Source: (2002) Vanderbilt Journal of Transnational Law. 35: 1399.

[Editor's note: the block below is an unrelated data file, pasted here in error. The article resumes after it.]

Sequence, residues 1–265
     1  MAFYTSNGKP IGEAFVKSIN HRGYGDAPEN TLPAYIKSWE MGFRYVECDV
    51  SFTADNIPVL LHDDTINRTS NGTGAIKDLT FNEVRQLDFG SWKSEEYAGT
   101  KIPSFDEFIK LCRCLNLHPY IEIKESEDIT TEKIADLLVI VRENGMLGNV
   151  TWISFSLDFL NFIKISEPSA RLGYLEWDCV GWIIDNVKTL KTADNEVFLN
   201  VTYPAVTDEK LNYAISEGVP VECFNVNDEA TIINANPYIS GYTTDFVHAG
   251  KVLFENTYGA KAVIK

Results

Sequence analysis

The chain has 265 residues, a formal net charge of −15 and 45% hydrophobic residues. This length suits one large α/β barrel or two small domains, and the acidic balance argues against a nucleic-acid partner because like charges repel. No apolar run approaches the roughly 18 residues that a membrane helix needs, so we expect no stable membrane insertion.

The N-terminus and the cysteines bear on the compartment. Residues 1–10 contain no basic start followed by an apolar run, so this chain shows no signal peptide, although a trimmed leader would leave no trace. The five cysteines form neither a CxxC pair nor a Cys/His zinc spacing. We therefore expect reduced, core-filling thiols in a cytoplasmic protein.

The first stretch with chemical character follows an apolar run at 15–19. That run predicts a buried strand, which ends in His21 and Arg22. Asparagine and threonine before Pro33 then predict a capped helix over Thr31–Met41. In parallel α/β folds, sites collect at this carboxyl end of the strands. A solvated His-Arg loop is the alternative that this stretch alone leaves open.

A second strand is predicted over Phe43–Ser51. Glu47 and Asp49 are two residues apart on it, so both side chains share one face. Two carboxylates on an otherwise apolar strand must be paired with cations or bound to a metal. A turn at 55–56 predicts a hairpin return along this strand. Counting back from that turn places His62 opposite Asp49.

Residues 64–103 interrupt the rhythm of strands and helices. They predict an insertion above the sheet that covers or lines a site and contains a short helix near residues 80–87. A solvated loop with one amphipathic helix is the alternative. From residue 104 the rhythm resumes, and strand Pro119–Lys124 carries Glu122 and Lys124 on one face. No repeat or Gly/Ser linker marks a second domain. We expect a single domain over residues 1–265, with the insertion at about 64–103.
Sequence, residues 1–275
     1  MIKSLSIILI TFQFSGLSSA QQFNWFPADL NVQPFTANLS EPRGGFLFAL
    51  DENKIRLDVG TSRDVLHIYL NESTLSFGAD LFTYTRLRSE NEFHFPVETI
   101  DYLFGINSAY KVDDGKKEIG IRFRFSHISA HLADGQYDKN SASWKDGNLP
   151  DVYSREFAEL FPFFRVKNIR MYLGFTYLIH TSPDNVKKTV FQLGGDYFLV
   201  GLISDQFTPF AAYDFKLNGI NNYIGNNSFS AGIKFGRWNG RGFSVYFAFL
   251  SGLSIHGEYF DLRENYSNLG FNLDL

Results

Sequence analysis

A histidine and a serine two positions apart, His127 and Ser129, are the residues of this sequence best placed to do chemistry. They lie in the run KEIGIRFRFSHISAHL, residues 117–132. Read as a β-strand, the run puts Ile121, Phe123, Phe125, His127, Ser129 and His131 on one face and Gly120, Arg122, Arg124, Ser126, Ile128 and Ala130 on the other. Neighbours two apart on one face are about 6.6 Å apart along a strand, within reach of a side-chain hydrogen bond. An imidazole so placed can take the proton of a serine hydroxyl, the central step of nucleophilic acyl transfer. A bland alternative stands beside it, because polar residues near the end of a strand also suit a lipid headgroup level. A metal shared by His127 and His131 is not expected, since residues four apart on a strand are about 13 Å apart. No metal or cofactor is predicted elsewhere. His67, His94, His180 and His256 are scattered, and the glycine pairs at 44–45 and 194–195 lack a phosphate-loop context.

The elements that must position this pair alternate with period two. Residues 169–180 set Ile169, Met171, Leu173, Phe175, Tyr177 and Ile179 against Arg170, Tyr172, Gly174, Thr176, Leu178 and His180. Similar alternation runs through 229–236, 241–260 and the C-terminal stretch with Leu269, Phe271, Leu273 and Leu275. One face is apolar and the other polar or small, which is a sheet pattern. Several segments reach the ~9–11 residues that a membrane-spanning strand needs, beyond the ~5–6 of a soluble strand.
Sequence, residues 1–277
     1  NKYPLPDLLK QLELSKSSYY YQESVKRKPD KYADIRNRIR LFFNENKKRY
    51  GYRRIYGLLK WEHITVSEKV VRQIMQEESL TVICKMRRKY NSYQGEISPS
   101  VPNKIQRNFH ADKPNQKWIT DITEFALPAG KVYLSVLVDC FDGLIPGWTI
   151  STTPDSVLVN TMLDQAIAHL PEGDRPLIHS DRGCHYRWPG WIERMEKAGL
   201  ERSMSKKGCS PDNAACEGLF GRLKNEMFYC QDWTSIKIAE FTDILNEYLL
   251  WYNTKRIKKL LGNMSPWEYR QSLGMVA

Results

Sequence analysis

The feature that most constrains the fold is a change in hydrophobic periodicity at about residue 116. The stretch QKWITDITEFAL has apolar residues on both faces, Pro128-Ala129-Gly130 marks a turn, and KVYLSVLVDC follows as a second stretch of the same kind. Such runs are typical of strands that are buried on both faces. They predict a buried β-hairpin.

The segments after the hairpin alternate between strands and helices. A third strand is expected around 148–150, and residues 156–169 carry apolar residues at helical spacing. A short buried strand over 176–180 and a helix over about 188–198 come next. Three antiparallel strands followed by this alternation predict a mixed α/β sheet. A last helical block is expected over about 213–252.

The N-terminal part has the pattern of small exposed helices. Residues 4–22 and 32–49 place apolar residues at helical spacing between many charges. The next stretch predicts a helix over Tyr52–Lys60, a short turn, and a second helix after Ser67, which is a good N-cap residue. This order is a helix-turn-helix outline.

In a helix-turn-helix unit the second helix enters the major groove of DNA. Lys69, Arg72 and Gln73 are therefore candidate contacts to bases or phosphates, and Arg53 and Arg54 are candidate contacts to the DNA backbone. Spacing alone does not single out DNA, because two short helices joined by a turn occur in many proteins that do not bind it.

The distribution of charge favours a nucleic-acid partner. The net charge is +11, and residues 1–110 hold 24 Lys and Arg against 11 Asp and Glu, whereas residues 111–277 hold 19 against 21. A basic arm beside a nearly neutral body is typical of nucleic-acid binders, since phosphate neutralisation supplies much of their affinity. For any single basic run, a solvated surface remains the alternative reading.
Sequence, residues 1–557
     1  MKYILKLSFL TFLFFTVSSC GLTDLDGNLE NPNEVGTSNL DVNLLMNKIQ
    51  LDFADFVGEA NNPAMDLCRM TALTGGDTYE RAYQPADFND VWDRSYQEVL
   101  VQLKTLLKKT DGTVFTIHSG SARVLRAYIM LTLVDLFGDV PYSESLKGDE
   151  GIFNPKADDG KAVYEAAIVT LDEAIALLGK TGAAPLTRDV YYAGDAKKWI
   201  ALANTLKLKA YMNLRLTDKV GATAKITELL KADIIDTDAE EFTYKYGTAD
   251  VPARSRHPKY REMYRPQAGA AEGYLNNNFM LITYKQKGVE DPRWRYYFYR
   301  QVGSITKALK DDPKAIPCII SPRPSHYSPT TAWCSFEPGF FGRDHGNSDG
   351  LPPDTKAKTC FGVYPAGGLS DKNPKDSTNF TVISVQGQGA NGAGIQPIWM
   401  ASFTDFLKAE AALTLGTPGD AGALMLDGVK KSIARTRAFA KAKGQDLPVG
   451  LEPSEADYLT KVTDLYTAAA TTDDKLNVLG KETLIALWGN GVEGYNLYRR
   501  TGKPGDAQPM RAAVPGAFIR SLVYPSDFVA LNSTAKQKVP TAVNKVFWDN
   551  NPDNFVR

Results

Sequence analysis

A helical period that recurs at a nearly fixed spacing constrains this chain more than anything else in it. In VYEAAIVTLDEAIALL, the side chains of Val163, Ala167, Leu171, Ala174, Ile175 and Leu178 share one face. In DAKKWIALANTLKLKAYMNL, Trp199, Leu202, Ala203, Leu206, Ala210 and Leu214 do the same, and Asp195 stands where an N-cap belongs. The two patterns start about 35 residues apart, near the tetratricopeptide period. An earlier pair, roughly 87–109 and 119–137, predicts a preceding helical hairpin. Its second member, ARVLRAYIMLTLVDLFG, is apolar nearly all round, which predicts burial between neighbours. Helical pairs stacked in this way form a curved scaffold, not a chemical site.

Following World War II, in the aftermath of the Nazi atrocities, international human rights law took on much greater significance. The principles behind the Nuremberg trials were eventually construed as requiring states to prosecute such crimes against humanity. In practice, however, state response to state-sponsored mass atrocities has been erratic at best. Prosecutions are rare. Inaction, amnesties, and pardons are normal. Many people have reconsidered the feasibility of the duty to prosecute, and some have even challenged the validity of the duty to prosecute. Nevertheless, the recent establishment of the International Criminal Court, stemming from the Rome Statute, appears to have reaffirmed the commitment of states to prosecute crimes against humanity. In this context, Raquel Aldana-Pindell examines the merits of the development of victim-focused prosecution norms in international law.

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